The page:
Today was a good day. Hard but good.

Tomorrow is another day.

Monday with Dad

This is my dad. With this post, I begin a journey of caring for him while my mom undergoes and recovers from hip replacement surgery.


To my great shame, I have spent only an hour or two at a time with my dad on each visit these last few years. The emotional toll of being with him as his brain has withdrawn into the mysts of Alzheimer's has been too much for me to bear and, like a coward, I have many times made a hasty retreat onto the road home to hide my tears from him and my mother.

The Lord has arranged for me an opportunity to repent of my weakness these next two weeks. Today my mother had a hip replaced. So I met her and one of my sisters early this morning at the hospital. Dad was with them and a bit confused, but I took him to his home. Fed him and watched over him today while I also did a bit of work over the Internet. I will repeat this during the week this week and next, relieved by my sister over the weekend.

I do not complain here. Caring for my dad is a blessing and a privilege, but it is nevertheless one of the hardest things I've ever faced. My mom is an absolute hero and has earned many times over the highest of praise, as has so many who have cared for a loved one with this cursed disease.

Today I began learning, only in a very small way, what my mom goes through every day with grace and aplomb that defies all explanation except through the eyes of the purest love.

In an tenderly acute way, one must learn to put a smile on one's face even as one's heart breaks. One must learn to respond with vague and positive replies to conversation that cannot be understood. One must learn to cajole and to distract gently, to offer alternatives and suggestions.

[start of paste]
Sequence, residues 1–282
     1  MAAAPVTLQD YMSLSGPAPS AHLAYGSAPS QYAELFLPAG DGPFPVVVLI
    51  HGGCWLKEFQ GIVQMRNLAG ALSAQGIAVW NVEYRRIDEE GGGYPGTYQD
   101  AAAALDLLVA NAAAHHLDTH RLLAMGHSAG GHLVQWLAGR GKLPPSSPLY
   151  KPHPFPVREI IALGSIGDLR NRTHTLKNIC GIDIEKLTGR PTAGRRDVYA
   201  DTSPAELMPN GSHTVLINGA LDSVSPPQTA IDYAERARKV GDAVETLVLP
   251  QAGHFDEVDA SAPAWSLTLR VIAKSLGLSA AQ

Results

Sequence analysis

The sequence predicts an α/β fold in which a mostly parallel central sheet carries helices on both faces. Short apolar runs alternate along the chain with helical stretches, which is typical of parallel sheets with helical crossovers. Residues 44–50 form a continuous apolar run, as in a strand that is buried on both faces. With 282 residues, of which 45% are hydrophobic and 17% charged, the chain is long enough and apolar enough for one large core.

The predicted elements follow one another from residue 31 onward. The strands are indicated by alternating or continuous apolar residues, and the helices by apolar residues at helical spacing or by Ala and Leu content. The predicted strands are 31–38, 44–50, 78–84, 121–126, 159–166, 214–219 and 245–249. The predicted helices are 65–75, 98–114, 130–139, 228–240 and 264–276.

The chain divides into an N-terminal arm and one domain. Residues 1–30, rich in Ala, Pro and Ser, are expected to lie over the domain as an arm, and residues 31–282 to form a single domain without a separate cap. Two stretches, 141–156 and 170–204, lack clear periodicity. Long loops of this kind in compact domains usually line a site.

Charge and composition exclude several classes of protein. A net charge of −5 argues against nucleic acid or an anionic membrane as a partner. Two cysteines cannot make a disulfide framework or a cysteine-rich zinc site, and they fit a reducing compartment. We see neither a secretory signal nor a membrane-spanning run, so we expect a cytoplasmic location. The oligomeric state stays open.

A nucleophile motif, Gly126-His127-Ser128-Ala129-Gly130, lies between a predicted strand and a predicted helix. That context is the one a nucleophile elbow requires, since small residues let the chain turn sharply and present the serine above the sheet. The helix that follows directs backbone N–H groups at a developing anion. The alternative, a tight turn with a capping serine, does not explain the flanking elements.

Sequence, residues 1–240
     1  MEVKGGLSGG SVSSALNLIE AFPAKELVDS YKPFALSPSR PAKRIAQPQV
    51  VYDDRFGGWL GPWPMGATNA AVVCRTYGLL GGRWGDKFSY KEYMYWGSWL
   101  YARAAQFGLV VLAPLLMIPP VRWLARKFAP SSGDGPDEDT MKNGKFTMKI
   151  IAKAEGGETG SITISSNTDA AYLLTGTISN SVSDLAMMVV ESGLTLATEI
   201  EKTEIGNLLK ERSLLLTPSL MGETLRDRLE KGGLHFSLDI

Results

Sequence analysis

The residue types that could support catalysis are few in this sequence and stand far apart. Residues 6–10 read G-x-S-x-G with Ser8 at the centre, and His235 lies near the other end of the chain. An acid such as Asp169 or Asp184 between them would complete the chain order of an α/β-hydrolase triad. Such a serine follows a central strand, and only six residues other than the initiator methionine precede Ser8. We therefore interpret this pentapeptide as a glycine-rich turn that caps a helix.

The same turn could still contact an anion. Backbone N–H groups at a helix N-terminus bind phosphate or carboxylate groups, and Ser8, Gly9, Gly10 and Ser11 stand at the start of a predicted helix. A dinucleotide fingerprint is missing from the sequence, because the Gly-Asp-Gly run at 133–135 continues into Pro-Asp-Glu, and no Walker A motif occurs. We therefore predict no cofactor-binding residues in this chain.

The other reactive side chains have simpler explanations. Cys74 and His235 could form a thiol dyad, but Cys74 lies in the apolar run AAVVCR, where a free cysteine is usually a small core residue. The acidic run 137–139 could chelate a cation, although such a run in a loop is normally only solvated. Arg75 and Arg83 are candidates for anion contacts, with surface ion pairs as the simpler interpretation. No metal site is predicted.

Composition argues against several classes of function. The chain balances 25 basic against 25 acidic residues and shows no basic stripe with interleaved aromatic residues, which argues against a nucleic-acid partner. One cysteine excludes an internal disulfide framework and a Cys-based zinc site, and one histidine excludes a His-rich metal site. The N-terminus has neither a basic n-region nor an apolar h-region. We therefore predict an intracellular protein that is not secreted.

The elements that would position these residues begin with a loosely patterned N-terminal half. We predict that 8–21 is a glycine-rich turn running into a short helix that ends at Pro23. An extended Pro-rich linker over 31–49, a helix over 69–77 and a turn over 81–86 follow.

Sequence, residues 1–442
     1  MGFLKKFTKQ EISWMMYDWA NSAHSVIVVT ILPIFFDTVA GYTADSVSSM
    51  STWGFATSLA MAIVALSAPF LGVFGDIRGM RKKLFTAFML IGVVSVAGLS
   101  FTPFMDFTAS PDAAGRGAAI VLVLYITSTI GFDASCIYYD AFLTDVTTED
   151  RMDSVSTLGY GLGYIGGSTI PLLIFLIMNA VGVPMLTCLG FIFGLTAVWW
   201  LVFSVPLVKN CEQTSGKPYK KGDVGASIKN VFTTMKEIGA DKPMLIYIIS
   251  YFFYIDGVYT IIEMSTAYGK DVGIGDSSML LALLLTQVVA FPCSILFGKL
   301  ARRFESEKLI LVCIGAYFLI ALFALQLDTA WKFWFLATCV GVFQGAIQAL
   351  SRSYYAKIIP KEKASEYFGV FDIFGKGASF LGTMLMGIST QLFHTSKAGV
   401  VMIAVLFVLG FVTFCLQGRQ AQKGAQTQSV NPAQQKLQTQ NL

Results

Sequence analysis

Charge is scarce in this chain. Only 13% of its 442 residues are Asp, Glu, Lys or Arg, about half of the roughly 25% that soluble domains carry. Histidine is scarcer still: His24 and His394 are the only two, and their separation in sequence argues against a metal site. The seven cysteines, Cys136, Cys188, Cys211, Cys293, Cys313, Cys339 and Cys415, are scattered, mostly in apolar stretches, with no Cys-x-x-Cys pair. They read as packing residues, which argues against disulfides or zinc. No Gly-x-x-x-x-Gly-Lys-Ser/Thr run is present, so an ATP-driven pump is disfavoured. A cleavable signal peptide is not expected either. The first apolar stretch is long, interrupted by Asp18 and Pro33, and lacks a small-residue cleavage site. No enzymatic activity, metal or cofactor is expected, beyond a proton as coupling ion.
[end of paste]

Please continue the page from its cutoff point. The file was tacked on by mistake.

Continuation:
Dad is not gone entirely. He still catches rye humor sometimes. He bounces his confusion off his shoulders with a grimace and a grin. He shrugs off the oppression of thoughts which, once formed, race away faster than he can express them. And yet he can sometimes still offer the most poignant and sincere and nearly 100% coherent prayers.

No. Dad is not gone. He is mostly hidden from ours and his own view for now.

With extreme gratitude, I offer my deepest thanks to my older brother, who arrived just as I was running out of ideas of how to keep Dad from being restless and wanting to walk out into the night. He will stay with Dad at night while I sleep in the spare room. This is truly a job for two which makes my mom an even bigger hero than I've earlier stated.

Tomorrow is a new day.

Family - What is it good for?

1. Clearing the sidewalks on a snowy day.
2. Picnics in the mountains in the summer.
3. Opening presents in jammies on Christmas.
4. Borrowing tools and clothes without asking.
5. Hot cocoa and warm blankets on a cold winter night.
6. Cleaning the basement just before company comes.
7. Hugs and encouragement when hard things happen.
8. Patience and forgiveness when none can be found.
9. Safety net against the darkness of despair.
10. Incubator of exalted and eternal beings.